The Federal Reserve is trying to cool off the red-hot U.S. job market. But it could be months before those efforts start to bear fruit.
The central bank said Wednesday that it would raise interest rates half a percentage point, the biggest increase in more than two decades, and begin paring its bond holdings in a bid to rein in inflation. In a news conference after the announcement, Jerome H. Powell, the Fed chair, cited the labor market, and in particular the record number of job openings relative to the number of unemployed workers, as a reason that policymakers had become more aggressive in recent months.
“You can see that the labor market is out of balance: You can see that there is a labor shortage,” Mr. Powell said.
Higher interest rates should, in theory, result in less demand from both consumers and businesses, leading companies to post fewer jobs and hire fewer workers. Mr. Powell is hoping that will allow the labor market to rebalance without an increase in the unemployment rate.
But those changes won’t be evident overnight. Interest rates take time to affect the economy, and there are reasons to think the process could take longer than usual this time around. Consumers, in the aggregate, are sitting on trillions of dollars in money saved during the pandemic, and many appear eager to spend it on long-delayed activities like travel. That could blunt the impact of the Fed’s policies, said Michelle Meyer, chief U.S. economist for Mastercard.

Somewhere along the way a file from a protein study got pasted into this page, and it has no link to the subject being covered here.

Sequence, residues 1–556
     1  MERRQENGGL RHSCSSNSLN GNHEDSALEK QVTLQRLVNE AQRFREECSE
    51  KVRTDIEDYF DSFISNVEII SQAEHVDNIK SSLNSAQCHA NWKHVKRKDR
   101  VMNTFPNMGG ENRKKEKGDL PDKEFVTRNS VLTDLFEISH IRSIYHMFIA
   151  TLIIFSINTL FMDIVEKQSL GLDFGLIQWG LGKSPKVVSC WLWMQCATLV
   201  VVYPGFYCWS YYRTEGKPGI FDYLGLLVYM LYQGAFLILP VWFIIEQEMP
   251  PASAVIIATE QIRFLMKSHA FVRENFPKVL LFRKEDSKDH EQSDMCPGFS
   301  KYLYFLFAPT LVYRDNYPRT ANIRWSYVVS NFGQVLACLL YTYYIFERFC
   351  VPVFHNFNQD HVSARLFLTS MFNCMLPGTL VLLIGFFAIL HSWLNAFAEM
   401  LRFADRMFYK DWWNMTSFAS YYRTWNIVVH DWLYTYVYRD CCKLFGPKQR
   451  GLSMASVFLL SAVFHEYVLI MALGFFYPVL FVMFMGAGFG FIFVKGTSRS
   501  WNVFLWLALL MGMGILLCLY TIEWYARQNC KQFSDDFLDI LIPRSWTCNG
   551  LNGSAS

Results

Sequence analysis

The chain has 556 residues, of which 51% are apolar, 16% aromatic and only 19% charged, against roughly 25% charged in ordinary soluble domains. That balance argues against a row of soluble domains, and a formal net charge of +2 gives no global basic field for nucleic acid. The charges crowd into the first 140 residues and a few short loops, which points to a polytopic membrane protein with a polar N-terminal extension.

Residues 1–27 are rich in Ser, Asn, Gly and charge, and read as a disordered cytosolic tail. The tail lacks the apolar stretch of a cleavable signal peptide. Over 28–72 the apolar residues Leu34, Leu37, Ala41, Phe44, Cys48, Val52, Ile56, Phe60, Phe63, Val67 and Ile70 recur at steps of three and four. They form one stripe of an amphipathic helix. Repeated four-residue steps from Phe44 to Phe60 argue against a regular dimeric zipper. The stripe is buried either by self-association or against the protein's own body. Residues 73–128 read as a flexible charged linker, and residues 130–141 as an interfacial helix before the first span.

“The buffer that’s out there for the consumer is substantial, which means it may take longer to see the impact” of rate increases, she said. “The more resilient the economy is and the stronger it is, the higher the Fed will have to take interest rates in order to see that dampening of demand to depress inflation.”
Still, interest rates will have an effect eventually, Ms. Meyer said. One of the first places that the Fed’s actions are likely to show up is the housing market. Mortgage rates have risen significantly, leading to a steep drop in applications for new mortgages, and there are signs that sales have begun to slow. Construction activity — and construction jobs — won’t respond as quickly, in part because of the longstanding shortage of homes for sale, but eventually building is likely to slow as well.
Manufacturing is also likely to feel the effect of higher rates. But the signals could be hard to interpret: Many economists already expected a slowdown in manufacturing this year as the pandemic recedes and consumers revert to spending more on services rather than goods.